Is it time to take Genesis seriously? Why the arrival of its all-new GV80 SUV could be the turning point for Hyundai’s luxury brand

As Nissan learnt the hard way with the ill-fated Infiniti brand, breaking into the luxury car market dominated by Germany’s Audi, BMW and Mercedes-Benz is not the work of a moment.

It took Lexus nearly 30 years before it was seen as a true rival, and even the more established names like Volvo and Jaguar/Land Rover are still seen as alternative brands to the big three.

So, Hyundai’s attempts to establish Genesis must be seen in the context of a bigger picture, but it’s still hard not to see the arrival of the all-new GV80 as a pivotal moment.

As Genesis’ first SUV, arriving after the brand’s official start in 2019 with the G70 and G80 sedans, there is a lot riding on its shoulders. Unsurprisingly, the sedans have been modest sellers, given the market demand for SUVs, but it has allowed the brand to establish its first ‘Genesis Studio’ (in Sydney’s CBD) and make plans for more as it laid the groundwork.

Indeed, the establishment of the first Genesis Test Drive Centre in Sydney’s Parramatta automotive retail area suggests an understanding that its city-based ‘Studio’ concept may not be accepted by all would-be buyers, and a more traditional approach is needed if it hopes to capitalise on its new SUVs.

The company acknowledges that the arrival of the GV80 marks a turning point for the brand.

“The G70 sports sedan and soon to be replaced G80, whilst both sold in small volumes, helped to establish the Genesis brand in Australia – but we always knew the real growth will come with the introduction of our first SUV,” a Genesis Australia spokesman told Carsguide. “Genesis SUVs will play a significant role in the brand’s future.

“With the imminent arrival of the GV80 and planned expansion to the Genesis showroom network, we expect to see a significant increase in sales.”

Earlier this month, Genesis announced pricing for the GV80 which made it clear it intends to position itself as a better value alternative compared to the German giants.

How the GV80 compares to its rivals

Entry-price model:

Model Cost BOCs
Genesis GV80 2.5T RWD $90,600
Audi Q7 3.0 45TDI $101,900 (+$11,300)
BMW X5 xDrive 25d $102,900 (+12,300)
Mercedes-Benz GLE300d $105,700 (+$15,100)


Like-for-like (3.0-litre diesel models):

Model Cost BOCs
Genesis GV80 3.0D AWD $103,600
Audi Q7 3.0 45TDI $101,900 (-$1700)
BMW X5 xDrive 30d $119,900 (+$16,300)
Mercedes-Benz GLE400d $124,400 (+$20,800)

But undercutting on price is only part of Genesis’ plan to try and lure customers. It hopes its ‘Genesis-To-You’ program that allows for concierge-style service, with pick-ups and drop-offs for test drives and servicing, will be a point-of-difference.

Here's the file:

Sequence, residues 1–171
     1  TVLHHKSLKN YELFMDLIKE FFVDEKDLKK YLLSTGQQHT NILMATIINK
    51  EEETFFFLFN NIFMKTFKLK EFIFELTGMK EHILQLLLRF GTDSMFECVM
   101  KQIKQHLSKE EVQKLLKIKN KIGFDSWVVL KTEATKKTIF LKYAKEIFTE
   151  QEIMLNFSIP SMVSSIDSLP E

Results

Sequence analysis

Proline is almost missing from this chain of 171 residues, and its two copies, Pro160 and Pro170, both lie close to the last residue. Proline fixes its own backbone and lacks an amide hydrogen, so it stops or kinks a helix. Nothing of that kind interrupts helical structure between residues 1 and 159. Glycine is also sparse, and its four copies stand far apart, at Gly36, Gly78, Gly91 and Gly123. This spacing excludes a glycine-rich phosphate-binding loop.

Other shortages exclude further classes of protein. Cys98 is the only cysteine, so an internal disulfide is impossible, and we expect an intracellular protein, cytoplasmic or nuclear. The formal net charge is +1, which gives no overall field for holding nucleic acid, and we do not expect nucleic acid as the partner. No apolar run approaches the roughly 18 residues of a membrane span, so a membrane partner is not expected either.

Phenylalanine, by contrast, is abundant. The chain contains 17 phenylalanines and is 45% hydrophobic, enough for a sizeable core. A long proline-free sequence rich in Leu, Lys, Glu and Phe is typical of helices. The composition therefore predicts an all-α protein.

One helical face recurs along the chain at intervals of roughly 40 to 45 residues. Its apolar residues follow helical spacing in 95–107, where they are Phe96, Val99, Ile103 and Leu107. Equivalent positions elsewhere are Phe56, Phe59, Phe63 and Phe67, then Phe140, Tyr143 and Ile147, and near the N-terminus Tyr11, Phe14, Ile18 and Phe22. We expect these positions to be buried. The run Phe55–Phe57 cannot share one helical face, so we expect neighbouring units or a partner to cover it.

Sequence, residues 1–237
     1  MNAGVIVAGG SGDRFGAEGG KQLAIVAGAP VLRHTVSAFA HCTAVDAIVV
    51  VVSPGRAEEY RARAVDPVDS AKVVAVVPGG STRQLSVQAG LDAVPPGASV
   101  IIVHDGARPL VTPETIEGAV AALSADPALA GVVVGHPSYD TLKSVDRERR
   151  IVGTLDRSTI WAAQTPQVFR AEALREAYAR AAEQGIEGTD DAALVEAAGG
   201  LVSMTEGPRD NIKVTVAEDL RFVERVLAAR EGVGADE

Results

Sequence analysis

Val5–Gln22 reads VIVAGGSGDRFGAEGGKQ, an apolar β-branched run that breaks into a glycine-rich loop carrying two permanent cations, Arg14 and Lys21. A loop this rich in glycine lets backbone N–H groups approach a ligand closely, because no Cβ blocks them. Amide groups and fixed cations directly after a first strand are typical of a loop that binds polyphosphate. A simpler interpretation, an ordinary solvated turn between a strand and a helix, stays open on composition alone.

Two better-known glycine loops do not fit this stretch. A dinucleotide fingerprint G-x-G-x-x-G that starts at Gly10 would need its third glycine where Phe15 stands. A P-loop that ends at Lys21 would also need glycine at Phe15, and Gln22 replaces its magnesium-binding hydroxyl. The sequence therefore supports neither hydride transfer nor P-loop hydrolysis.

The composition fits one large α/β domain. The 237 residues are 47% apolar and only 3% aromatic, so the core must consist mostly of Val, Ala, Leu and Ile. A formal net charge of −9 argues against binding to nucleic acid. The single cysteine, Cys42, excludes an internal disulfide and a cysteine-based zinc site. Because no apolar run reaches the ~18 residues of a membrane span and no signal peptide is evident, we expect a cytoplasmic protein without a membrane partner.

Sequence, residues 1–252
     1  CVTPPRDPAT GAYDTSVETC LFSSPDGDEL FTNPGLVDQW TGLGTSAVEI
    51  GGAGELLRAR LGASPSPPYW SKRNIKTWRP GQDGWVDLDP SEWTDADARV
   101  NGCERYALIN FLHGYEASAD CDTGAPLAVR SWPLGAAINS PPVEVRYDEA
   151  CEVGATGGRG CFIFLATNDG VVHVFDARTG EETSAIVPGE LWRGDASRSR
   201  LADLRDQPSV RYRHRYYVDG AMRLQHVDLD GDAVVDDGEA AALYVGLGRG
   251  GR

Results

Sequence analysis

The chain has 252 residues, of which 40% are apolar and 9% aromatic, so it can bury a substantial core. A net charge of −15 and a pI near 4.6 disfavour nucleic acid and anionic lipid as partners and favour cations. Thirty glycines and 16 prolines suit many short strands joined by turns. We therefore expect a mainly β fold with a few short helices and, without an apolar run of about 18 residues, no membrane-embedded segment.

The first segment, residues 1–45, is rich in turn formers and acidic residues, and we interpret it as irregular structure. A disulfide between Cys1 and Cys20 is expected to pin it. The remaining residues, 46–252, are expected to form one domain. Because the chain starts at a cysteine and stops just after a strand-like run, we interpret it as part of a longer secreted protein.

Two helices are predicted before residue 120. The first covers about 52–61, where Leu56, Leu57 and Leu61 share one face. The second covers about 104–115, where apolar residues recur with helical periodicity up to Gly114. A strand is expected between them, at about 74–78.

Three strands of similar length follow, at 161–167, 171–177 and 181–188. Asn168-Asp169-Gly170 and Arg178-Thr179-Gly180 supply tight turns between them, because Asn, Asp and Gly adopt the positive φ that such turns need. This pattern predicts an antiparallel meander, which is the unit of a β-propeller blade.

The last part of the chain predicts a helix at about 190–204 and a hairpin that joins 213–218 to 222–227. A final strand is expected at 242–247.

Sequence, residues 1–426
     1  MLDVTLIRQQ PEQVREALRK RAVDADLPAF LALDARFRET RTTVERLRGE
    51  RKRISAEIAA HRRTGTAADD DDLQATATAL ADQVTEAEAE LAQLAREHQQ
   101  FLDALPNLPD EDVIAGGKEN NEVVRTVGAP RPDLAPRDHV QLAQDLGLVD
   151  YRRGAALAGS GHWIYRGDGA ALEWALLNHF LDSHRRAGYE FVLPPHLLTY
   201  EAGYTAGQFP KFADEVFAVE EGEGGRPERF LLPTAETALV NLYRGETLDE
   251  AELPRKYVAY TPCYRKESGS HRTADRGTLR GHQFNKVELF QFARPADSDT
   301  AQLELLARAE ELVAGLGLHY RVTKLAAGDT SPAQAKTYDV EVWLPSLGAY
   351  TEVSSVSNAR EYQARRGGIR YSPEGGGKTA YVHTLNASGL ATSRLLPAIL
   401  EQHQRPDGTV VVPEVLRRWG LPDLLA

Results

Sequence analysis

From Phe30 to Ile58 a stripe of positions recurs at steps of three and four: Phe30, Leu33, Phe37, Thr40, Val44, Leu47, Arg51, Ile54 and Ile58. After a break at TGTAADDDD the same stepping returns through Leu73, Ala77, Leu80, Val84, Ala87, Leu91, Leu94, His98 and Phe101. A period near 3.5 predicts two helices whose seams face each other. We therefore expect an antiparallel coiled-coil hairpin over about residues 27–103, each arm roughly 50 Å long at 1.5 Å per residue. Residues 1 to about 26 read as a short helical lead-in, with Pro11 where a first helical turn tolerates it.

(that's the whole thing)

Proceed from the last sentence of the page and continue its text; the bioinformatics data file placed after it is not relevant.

“The Genesis suite of ownership benefits are a new offering in the marketplace, and add significant appeal and value to choosing a Genesis over one of the established luxury brands,” the spokesman said. “Genesis will be driven by great product and customer experience – premium product from a premium brand with unmatched premium service.”

How many GV80s the brand will sell locally remains to be seen, with the spokesman opting not to put a number on it and instead playing the ‘quality over quantity’ card.

“We obviously have some internal numbers we have based our business plan on, but we will not be discussing these outside the company,” he said.

“It’s important to note we are placing a heavy emphasis on customer satisfaction, so sales numbers are secondary to the customer experience.”

GV80 is only the beginning too, with a mid-size SUV expected to carry the GV70 name, due to arrive sometime in 2021 along with the brand’s first electric vehicles.

Under former global boss Manfred Fitzgerald, Genesis was vocal in its transition to alternative powertrains, with both EVs and hydrogen fuel-cell electric vehicles (FCEV) likely in the near future. That commitment continues under the current leadership.

While the company unveiled the compact, sporty and electric Mint concept at the 2019 New York Motor Show and promised a production version was coming, the brand’s first EV is likely to be a different proposition.

Instead of a sporty hatchback, it’s likely to take the form of a compact crossover, similar in size to the Hyundai 45 concept also revealed last year; which itself is expected to hit Hyundai showrooms in 2021 as the Ioniq 5. Both models will utilize the new e-GMP EV modular architecture that will underpin a range of Hyundai, Kia and Genesis products in the coming years.

That’s not all though, because spy photographers in Europe have recently spotted what appears to be an electric version of the new G80 large sedan. So, Genesis could have two, very different, EVs on sale by the end for next year.

“Genesis will introduce its first production pure electric vehicle before the end of 2021, we’re actively pushing to bring all future Genesis models to Australia,” the spokesman confirmed.

“Alternative propulsion is at the core of our product development strategy – our goal is to offer alternative propulsion in all segments of our product portfolio.”

Genesis Australia is pushing ahead with opening a Studio in Melbourne’s Emporium CBD shopping centre as well as one in Brisbane by the end of 2021. It’s establishing more test drive centres in Sydney and Melbourne to try and cater for what it hopes is greater demand.